Suggested Combo PICaSTAR PCB build method.

Wondering where to start?

A reminder though.......

this information is NOT intended to replace the 'official manual' which is the articles and set-up information published in Radcom originally by Peter, G3XJP, and now found only on the Yahoo 'picaproject' group.

Last updated on Jan 30th, 2014:- [loading of the MAX232 should be done, before fitting the ADSP-2181 or the LED may not flash]

CAUTION, FOR Combo "P1 & P2 or P2a" version builders, some of these notes may not apply.


Sept 2, 2011, added link to Beeper assembly in the text,

(Nov 15, 2010: changed the DSP test to incorporate the official manual procedure and corrected star directory screen shot)

( Jan 17th, 2011, , March 25th 2010, new integration section )

** Presented in good faith but content subject to errors and ommisions. **

This is a fairly complex project and one where it's easy to lose faith in your abilities and give up before completion. Especially if you have not tackled anything like this before. eg surface mount parts fitting.

This is a 'homebrew' project and is NOT a "kit".

There is no step by step component placement document.

There is no parts kit available.

YOU have to source all parts yourself and follow the schematics for assembly.

YOU must read and use the "Manual" by G3XJP, to commission your new radio.

Below, is VK3PE's guide for assembling the Combo PCB's in blocks. It is not the only way.

There is NO detailed fault finding procedure here. If things don't go to the plan below, you need to debug it.

If you are already experienced though in PICaSTAR builds, then no need to read further. < Back>

Here is my own method of attack:- ( I suggest you read all of this before soldering anything though) It is NOT a complete guide to building. It assumes you have read Peter's information and basically have some understanding of what you are doing.

These pages assume you have all of the parts to hand. This obviously may not be the case, so feel free to load parts as you get them but as you will see below, my preference is not to load any IC's until the various voltage regulators have been fitted and checked.


I like to build and test as I go. I also prefer to fit smaller parts first along with the associated regulators. Then the PCB can be powered up and the various voltages verified. Also, various blocks can be assembled and tested, one at a time.

When directed to apply power, best to use a power supply of fairly low current rating (eg 1amp or so) and with a current meter capable of reading in milli-Amps.. A current limited supply may help but is no guarantee of avoiding problems. NOTE, reversal of power supply will most likely destroy your good work. If in ANY doubt of your attention span, place a series 1A diode in the positive lead AT THE PCB END. ie solder the cathode (bar) to the +ve point on the PCB, and a red wire to the anode which connects to your power supply.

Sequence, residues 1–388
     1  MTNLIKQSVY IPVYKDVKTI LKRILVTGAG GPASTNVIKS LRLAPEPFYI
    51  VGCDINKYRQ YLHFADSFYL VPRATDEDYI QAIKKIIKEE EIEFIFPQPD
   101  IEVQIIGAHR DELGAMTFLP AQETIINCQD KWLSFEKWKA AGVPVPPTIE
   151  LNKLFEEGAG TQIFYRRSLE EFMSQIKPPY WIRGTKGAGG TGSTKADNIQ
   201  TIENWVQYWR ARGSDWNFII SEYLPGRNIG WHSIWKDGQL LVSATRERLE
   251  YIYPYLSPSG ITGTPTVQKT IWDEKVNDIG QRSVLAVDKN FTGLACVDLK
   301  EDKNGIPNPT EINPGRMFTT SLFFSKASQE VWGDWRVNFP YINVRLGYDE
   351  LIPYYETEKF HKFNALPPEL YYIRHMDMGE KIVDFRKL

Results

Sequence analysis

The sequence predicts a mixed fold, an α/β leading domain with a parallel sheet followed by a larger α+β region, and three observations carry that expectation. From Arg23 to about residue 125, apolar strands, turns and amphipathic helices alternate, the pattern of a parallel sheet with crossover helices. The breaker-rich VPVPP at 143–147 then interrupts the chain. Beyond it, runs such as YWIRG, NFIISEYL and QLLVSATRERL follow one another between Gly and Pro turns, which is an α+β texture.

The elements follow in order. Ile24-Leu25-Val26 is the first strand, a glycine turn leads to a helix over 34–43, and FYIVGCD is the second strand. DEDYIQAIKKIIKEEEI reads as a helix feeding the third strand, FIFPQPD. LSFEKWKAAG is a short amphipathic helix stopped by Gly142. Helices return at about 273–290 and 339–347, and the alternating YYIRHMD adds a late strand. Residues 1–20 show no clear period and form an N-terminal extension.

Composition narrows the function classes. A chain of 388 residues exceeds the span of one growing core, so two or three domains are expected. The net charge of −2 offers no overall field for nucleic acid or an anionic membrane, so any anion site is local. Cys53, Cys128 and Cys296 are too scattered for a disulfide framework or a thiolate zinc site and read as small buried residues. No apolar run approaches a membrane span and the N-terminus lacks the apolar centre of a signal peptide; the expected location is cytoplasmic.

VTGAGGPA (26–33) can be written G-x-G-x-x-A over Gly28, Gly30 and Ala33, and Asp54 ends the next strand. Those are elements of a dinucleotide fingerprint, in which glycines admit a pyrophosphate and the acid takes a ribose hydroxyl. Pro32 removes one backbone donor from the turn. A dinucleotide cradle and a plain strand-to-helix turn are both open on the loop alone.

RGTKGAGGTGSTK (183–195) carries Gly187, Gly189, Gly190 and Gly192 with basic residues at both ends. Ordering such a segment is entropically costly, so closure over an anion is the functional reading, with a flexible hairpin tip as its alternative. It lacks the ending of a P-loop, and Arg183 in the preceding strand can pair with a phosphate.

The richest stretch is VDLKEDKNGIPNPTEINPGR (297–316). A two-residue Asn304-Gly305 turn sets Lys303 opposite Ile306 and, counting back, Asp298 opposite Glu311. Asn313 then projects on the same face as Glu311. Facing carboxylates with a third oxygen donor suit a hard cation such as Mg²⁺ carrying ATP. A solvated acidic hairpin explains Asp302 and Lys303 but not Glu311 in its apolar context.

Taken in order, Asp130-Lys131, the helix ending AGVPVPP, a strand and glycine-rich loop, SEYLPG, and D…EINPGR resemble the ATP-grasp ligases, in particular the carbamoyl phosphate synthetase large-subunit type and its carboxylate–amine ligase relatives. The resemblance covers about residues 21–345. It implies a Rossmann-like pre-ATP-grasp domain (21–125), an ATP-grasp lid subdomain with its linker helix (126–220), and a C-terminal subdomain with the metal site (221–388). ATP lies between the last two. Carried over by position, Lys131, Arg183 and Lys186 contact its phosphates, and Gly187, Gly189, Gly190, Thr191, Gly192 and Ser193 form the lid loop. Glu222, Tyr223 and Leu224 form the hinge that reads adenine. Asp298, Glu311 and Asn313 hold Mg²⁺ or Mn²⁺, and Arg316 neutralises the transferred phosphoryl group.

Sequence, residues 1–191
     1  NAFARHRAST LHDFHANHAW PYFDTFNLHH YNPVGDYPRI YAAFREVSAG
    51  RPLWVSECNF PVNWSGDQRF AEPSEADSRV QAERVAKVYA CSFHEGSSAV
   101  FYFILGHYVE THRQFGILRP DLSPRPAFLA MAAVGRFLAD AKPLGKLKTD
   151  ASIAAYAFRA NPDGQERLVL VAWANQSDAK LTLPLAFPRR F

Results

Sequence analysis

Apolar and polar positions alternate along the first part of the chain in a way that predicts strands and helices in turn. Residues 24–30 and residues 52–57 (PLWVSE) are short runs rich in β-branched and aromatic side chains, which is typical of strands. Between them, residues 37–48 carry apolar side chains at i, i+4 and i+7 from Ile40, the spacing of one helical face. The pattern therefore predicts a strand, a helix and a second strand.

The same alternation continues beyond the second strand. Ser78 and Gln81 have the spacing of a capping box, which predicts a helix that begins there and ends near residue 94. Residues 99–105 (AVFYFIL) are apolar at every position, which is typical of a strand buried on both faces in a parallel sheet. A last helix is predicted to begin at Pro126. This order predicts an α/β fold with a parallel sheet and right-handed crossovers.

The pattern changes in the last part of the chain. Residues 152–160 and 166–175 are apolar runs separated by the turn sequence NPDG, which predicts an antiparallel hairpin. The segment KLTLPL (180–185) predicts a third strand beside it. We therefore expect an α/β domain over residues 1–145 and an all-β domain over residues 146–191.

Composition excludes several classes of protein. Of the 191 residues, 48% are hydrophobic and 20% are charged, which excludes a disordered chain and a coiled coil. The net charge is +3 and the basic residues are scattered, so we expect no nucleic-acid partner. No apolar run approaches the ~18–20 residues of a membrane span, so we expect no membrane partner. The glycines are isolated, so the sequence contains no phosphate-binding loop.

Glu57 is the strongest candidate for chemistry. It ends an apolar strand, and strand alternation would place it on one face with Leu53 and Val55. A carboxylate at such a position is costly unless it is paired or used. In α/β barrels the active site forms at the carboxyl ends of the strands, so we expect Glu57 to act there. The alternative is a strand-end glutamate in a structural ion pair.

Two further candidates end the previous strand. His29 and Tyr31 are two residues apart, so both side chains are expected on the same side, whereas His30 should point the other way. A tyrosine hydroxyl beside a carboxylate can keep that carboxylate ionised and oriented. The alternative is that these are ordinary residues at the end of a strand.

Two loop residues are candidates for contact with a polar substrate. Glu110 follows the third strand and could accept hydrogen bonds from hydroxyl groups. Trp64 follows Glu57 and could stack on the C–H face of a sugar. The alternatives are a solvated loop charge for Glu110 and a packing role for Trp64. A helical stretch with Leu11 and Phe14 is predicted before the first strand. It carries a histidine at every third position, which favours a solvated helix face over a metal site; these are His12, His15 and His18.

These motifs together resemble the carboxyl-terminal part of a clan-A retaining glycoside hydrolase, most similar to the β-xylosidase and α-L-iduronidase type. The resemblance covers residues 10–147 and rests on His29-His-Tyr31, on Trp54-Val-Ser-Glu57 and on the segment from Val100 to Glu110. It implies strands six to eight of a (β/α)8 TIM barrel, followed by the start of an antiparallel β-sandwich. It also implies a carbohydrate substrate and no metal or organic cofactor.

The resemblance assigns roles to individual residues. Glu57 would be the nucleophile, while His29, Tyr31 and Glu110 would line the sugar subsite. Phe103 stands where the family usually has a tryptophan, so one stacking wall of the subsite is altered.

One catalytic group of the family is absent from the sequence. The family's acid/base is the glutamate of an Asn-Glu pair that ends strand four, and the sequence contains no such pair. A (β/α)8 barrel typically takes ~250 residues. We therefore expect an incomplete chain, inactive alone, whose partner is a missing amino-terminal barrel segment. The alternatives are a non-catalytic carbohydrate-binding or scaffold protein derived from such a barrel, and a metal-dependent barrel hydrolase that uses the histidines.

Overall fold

As you build, it's a great idea to check for shorts between pins using the beeper which was designed to avoid damage to the IC's as it has a very low voltage output. The PCB for that is on the panel and well worth building as the 1st SMD pcb and a great tool to have.

To speed up the loading of the PCB, I have the component overlay (pdf) by values, (Hi-resolution) up on my PC and zoom in on an area being loaded. That way you can quickly see the values to be loaded.

If your PC is not handy to the workbench, open the file above then zoom in on the area you are loading. (About 1000% is good) then print using "Current View" to print out that section only.

I find it best to load all of the 100nF caps, then the 10K resistors as are they are in the majority. You do need to be organised though with all of the components on the (clean) workbench.

When soldering SMD parts, only a little solder is required. Resist the temptation to put lots of solder on each part. Just a small fillet of solder is plenty.

To solder SMD caps and res., lightly tin one pad only. Hold the part with tweezers in place and wipe the soldering iron across the end just tinned, at right angles to the end, with the iron in touch with the part and solder. It should reflow the joint. Don't keep the iron there for longer than required to reflow. Then, hold the end of the solder across the other end of the part and wipe the iron across the end and the solder at the same time. When the solder melts, remove the solder so that not too much solder makes the joint. A small fillet is all that's needed.

It's hard to put into words, pictures below may help:- 1206 part is shown. 0805 is 'easier' and is preffered for VK3PE's PCB's.

< click for larger size >

I keep my resistors in some cheap plastic containers. Four of them hold most values and sitting on the workbench, it's easy to get the values you need, using your tweezers. These are all 0805 parts from 'Sureelectronics' on eBay. Sticky lables identify each part. NB. The Sure kits miss some common values of resistors. Their kits also may not provide sufficient QTY of each value for Star building. eg 10k

Audio Amplifier

One of the easiest sections to build and test is the Audio Amp. IC902. Assemble all of the parts of the AF amp, shown on sheet number 6. (the sheet numbers are in the title block of the Combo BB schematics). It is best to trim back the Amp's pins about 1-2mm before soldering the device on. Solder the tab also to ground. Plug in stereo speakers to Jack 1. Then, power up the PCB by connecting a 12-13v DC power supply to the "switched DC" area tabs. No need to fit the tabs, just solder a temporary wire (+ve) to that area and the Gnd (-ve) to a convenient ground point nearby (say, in the BPF area.) At power up a slight click may be heard in the speakers and the current drawn should be about 16-20mA (after an initial surge when charging up the caps.) Place a finger on each input and a 'buzz' should be heard in the speaker. Current will rise also. OK, that section is working !! Feels good. Make a cup of tea/coffee and reflect on your good progress with your XYL.

RS232 area

Next step is to fit the MAX232 device and parts. IC21. You should also fit the rear toggle switch and DB9 connector. Power up again (10v) and check the voltages on pins 2 and 6 of IC21 with reference to ground. They should read about -9 and +9v. Don't be fussed if it's a bit higher or lower.

ADSP-2181 area